FWIW

 

 

Evening Rawed

 

The BMW boxer 1100/1150 is slightly different as the camshaft is in a carrier that is bolted solidly to the cylinder head (basically the camshaft to cylinder head position doesn't change with head removal as long a the cam carrier isn't intentionally unbolted from the cyl head) .

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You are correct sir - my bad. I've actually done my own valve adjustments on my R1150 several times and I knew that. I'll put my mind in gear prior to responding next time.

 

Anytime you remove and refit the cylinder heads or retorque you must follow up with a valve adjustment. If the head is a couple thousandths (or even ten thousandths) closer or further from the camshaft, it will affect the valve clearances. If it's a bit closer, the clearances will close up causing changes in valve timing (opening and closing) and could result in leakage. If it's further away, the duration will be affected but at least it won't be leaking. If it were mine, I wouldn't be waiting for 600 miles to get at it. It's a critical adjustment and will affect all kinds of operational variables.

FWIW

 

 

Evening Rawed

 

The BMW boxer 1100/1150 is slightly different as the camshaft is in a carrier that is bolted solidly to the cylinder head (basically the camshaft to cylinder head position doesn't change with head removal as long a the cam carrier isn't intentionally unbolted from the cyl head) .

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roger 04 rt
Some things are going on with your bike but a couple things don't sound likely:

--that a valve adjustment changed your gas mileage by a third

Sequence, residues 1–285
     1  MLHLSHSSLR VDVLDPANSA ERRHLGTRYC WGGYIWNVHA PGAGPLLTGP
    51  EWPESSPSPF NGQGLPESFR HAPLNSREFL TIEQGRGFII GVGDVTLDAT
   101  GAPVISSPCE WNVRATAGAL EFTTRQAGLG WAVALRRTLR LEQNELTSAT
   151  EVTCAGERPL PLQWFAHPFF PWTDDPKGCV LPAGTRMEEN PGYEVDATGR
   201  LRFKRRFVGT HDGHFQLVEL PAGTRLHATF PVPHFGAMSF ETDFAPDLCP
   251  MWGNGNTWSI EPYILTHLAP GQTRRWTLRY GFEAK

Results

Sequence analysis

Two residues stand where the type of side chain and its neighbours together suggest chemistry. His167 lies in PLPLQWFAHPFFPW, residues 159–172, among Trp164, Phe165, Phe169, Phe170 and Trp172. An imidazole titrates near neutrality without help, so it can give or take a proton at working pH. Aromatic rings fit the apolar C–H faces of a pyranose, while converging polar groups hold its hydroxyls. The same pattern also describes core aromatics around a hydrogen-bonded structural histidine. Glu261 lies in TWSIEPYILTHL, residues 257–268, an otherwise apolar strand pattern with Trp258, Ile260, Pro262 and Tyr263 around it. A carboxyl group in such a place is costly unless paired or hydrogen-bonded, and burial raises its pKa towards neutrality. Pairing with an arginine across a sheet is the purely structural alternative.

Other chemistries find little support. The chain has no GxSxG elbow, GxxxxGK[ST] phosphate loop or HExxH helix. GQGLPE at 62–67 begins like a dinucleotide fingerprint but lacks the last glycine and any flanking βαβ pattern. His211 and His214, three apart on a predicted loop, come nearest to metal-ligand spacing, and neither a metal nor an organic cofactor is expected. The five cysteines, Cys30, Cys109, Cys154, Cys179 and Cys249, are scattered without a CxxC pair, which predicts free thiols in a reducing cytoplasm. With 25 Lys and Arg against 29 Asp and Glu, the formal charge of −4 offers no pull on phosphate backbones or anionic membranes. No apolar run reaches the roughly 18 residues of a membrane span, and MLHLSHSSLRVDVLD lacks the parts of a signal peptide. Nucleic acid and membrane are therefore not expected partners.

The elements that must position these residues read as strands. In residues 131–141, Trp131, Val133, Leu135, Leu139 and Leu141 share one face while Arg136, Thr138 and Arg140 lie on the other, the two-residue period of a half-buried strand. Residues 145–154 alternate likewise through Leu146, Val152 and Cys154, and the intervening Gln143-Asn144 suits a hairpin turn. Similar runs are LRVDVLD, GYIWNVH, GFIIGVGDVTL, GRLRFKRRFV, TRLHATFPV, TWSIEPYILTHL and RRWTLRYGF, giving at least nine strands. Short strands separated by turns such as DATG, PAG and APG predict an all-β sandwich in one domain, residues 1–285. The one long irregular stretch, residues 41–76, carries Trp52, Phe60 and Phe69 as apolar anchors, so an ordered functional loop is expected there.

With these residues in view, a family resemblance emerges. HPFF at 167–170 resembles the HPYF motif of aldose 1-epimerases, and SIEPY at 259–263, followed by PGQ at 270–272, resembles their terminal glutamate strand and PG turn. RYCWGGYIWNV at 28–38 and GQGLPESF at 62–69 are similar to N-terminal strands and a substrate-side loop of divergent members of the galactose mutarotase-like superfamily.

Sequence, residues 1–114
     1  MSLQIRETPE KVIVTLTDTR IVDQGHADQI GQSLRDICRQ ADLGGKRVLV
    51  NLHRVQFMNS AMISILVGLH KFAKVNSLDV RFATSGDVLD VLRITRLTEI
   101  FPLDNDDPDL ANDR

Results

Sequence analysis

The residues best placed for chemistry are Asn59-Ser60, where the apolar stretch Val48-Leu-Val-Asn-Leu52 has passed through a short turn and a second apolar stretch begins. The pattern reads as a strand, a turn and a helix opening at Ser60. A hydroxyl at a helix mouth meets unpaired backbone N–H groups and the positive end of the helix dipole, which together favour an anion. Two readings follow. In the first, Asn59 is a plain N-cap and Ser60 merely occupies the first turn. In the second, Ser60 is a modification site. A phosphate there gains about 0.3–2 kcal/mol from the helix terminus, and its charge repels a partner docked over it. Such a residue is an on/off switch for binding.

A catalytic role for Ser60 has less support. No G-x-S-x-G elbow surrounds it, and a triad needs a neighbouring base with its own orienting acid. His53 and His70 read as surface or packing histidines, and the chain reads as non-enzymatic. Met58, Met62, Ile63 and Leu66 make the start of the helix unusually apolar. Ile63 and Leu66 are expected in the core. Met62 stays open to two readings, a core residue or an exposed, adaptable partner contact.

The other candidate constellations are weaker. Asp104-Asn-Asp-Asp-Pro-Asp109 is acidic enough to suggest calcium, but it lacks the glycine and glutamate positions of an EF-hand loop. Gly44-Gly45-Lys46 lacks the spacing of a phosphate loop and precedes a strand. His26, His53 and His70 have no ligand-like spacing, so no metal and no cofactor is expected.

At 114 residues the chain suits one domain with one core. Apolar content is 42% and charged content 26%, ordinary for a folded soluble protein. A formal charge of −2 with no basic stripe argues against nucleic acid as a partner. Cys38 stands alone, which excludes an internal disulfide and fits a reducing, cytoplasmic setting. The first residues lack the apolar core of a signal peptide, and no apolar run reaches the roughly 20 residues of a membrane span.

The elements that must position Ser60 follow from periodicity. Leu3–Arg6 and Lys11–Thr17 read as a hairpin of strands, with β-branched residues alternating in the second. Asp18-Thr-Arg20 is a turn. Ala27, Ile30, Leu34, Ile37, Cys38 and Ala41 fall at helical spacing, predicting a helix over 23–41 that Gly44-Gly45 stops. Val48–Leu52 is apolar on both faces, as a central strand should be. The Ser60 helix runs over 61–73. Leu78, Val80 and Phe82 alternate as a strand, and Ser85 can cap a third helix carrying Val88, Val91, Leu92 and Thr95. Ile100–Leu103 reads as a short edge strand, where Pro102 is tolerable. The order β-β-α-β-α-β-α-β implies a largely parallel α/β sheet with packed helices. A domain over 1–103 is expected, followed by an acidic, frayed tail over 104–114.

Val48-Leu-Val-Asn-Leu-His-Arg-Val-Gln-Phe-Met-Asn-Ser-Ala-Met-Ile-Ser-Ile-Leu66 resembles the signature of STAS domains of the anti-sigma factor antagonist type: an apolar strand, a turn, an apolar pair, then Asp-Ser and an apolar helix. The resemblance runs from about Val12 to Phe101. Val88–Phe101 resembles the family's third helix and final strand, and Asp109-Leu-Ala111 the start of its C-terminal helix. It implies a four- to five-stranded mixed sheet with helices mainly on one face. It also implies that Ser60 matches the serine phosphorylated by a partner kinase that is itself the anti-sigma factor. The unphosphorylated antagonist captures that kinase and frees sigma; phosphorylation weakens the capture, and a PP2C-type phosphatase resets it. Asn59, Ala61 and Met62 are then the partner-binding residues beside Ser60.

--that a rich mixture deposited 1/8" of carbon on your piston

Does your bike have an O2 sensor?

 

I've only owned the bike for a year and half. And my first oilhead. The bike was running rich for who knows how long due to settings made by a shop to eliminate all surging, at the request of the former owner. I got everything tuned with surging down to a slight level (comes and goes depending on weather, gas quality, etc.) But it was right after a TB Sync and a valve adjust I had my first no-surge, 42 mpg day.

 

I do have an O2. And a while back I went through all the tune up steps (computer code check, motronic voltage check, etc. - all normal) It has a Booster Plug but I find it doesn't affect surging very much, so I could live without it. Basically, I'm all about factory settings and equipment, proper tuning, and high gas mileage.

 

...

 

SP, with a connected, functioning O2 sensor, the mixture richness/leanness is entirely under the control of the Motronic.

 

Do you think the O2 was reconnected during the tune process or is it possible that your coding plug was changed or altered?